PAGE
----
The figures were released the same day the U.S. Senate held a heated hearing on the issue of sexual assault in the armed forces.
Two Boston area residents filed a lawsuit against the New York Post on Wednesday, accusing the newspaper of defamation for falsely portraying them as suspects in connection with the Marathon bombings, the Boston Globe reported.
Salaheddin Barhoum, 16, and Yassine Zaimi, 24, were pictured three days after the bombing on the front page of the New York Post under the headline "Bag Men." The lawsuit filed in Suffolk Superior Court alleges that the Post's photographs and articles were libelous and "would lead a reasonable reader to believe that plaintiffs had bombs in their bags, that they were involved in causing the Boston Marathon bombing."
The FBI released the first images of suspects Dzhokhar and Tamerlan Tsarnaev on the same day the Post published Barhoum and Zaimi's photographs,
The two students are seeking unspecified monetary compensation, asserting in the complaint that they were subject to “scorn, hatred, ridicule, or contempt in the minds of a considerable and respectable segment of the community.”
Former Rep. Gabby Giffords (D-AZ) launched an email campaign on Wednesday to lobby New Jersey Gov. Chris Christie (R) to appoint a pro-gun control replacement for the late Sen. Frank Lautenberg (D-NJ), according to Capital New York.
Giffords' pro-gun control PAC, Americans for Responsible Solutions, blasted out an email to supporters on Wednesday that included a link to a petition calling on Christie to honor Lautenberg's pro-gun control legacy by appointing an interim senator who supports expanding background checks on gun purchases.
"Sen. Lautenberg cannot be replaced. However, New Jersey Governor Chris Christie must now select a successor," Giffords and her husband, former astronaut Mark Kelly, wrote in the email republished on Capital New York. "And he should pick one who supports expanding background checks to keep guns out of the hands of criminals and the deranged."
Christie announced on Tuesday that he'll fill Lautenberg's seat with a special general election on Oct. 16. Lautenberg, 89, passed away on Monday from complications caused by pneumonia.
Giffords has been a vocal advocate for expanding gun control legislation since she resigned from Congress after suffering a gunshot wound to the head in a 2011 shooting in Tucson, Ariz.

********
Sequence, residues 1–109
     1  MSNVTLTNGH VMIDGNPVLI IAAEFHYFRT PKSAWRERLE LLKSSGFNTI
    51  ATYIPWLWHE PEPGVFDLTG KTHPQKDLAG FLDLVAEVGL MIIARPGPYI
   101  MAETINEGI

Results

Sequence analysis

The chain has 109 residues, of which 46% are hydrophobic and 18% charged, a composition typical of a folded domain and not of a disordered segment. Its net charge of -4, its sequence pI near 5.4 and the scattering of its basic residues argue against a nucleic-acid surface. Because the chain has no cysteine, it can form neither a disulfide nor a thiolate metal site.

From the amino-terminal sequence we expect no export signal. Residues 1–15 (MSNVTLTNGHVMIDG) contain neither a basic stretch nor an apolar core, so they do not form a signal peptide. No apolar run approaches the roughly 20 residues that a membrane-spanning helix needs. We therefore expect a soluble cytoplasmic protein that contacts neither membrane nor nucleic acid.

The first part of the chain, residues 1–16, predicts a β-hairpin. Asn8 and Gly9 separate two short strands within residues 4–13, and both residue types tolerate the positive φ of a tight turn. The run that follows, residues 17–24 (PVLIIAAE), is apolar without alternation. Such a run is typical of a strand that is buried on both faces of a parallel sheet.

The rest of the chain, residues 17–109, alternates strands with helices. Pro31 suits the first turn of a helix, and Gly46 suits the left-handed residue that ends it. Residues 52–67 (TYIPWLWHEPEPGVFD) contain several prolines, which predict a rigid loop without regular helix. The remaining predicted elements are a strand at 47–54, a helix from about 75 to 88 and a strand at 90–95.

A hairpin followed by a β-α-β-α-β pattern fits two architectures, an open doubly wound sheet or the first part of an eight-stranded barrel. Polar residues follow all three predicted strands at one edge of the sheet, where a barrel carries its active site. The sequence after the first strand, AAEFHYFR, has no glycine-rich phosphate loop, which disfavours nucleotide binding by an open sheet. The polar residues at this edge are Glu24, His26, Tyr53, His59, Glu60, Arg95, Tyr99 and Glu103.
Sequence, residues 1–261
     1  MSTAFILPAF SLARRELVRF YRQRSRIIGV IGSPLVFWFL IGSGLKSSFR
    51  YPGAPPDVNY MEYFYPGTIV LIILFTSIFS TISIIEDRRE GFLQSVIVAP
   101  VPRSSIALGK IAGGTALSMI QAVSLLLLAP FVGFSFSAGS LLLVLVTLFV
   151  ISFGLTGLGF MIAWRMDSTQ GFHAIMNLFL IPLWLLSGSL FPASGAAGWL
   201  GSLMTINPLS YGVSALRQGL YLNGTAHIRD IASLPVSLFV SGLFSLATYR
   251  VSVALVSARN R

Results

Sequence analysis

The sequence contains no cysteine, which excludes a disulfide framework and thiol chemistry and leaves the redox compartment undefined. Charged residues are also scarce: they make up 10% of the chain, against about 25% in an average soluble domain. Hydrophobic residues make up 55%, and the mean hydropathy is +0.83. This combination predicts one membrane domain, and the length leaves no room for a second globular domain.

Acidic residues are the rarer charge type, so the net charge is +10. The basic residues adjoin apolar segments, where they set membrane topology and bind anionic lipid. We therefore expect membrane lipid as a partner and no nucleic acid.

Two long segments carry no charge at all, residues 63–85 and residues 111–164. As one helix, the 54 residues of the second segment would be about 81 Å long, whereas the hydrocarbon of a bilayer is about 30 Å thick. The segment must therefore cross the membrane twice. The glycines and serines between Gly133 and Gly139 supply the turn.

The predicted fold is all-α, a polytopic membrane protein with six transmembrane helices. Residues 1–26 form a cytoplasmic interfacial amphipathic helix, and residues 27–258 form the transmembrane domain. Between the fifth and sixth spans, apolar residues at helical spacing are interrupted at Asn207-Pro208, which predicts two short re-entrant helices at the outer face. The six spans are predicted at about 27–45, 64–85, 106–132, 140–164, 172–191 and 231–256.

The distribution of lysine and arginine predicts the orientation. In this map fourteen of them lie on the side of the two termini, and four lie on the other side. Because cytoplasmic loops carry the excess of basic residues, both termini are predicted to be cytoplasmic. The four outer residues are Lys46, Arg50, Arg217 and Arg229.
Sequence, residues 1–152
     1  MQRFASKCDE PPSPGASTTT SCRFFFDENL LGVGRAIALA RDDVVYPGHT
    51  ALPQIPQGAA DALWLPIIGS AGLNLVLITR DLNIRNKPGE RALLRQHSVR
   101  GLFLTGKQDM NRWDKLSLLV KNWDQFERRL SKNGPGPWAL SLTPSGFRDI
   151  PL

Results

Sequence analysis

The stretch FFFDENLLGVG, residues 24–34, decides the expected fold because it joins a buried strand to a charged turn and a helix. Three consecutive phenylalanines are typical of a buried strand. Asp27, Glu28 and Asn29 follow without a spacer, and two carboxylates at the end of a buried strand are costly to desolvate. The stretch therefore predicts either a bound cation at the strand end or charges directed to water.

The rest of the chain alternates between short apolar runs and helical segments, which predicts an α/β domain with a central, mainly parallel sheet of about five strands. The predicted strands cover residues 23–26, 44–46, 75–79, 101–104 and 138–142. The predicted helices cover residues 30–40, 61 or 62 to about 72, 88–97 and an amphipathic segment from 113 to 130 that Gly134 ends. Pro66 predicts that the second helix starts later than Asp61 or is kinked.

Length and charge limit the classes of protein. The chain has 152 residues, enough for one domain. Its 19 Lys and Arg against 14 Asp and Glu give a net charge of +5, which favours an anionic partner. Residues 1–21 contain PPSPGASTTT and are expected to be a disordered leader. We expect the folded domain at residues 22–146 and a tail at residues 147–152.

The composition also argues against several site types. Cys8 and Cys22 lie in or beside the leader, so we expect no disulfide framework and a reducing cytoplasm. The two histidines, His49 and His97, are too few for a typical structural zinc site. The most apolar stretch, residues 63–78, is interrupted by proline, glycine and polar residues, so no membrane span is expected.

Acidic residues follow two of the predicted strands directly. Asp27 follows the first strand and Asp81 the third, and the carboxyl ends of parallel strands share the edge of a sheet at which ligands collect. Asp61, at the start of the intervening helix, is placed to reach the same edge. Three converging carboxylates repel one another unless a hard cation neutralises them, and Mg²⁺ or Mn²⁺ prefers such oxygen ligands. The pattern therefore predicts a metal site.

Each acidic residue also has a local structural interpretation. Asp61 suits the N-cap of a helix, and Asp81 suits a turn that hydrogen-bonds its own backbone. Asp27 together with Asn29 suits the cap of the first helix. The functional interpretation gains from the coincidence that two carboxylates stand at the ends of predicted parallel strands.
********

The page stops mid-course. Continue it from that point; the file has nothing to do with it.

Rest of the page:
U.S. Attorney General Eric Holder said in an interview with "NBC Nightly News" on Wednesday that he has "no intention" of heeding calls for his resignation.
The interview with NBC's Pete Williams marked the first time Holder has spoken one-on-one with the press since he came under scrutiny for seizing phone records and emails at the AP and Fox News. Holder said labeling Fox News reporter James Rosen a "co-conspirator" in a leak investigation was necessary to obtain a search warrant for his records, but the attorney general admitted that he was not "comfortable" making that designation.
Holder did not rule out a future transition to a new attorney general in the interview, but asserted that he will not be stepping down anytime soon.
"There are things I want to do, things I want to get done that I have discussed with the president," Holder told Williams. "Once I have finished that, I will sit down with him and we’ll determine when it is time to make a transition to a new attorney general.”
Williams asked Holder to clarify: “But to be clear, you’re not stepping down now?”
“No, I have no intention of doing so now,” Holder replied.
Sen. John McCain (R-AZ) on Wednesday backed President Barack Obama's nominee to succeed Susan Rice as U.S. Ambassador to the United Nations.
"I support President Obama's nomination of Samantha Power to become the next U.S. Ambassador to the United Nations," McCain said in a statement, according to NBC News. "I believe she is well-qualified for this important position and hope the Senate will move forward on her nomination as soon as possible."
Power worked on Obama's 2008 presidential campaign and was the senior director for multilateral affairs and human rights at the National Security Council. She left the administration in February, believed at the time to be the front-runner to replace Rice at the United Nations if and when she left her post.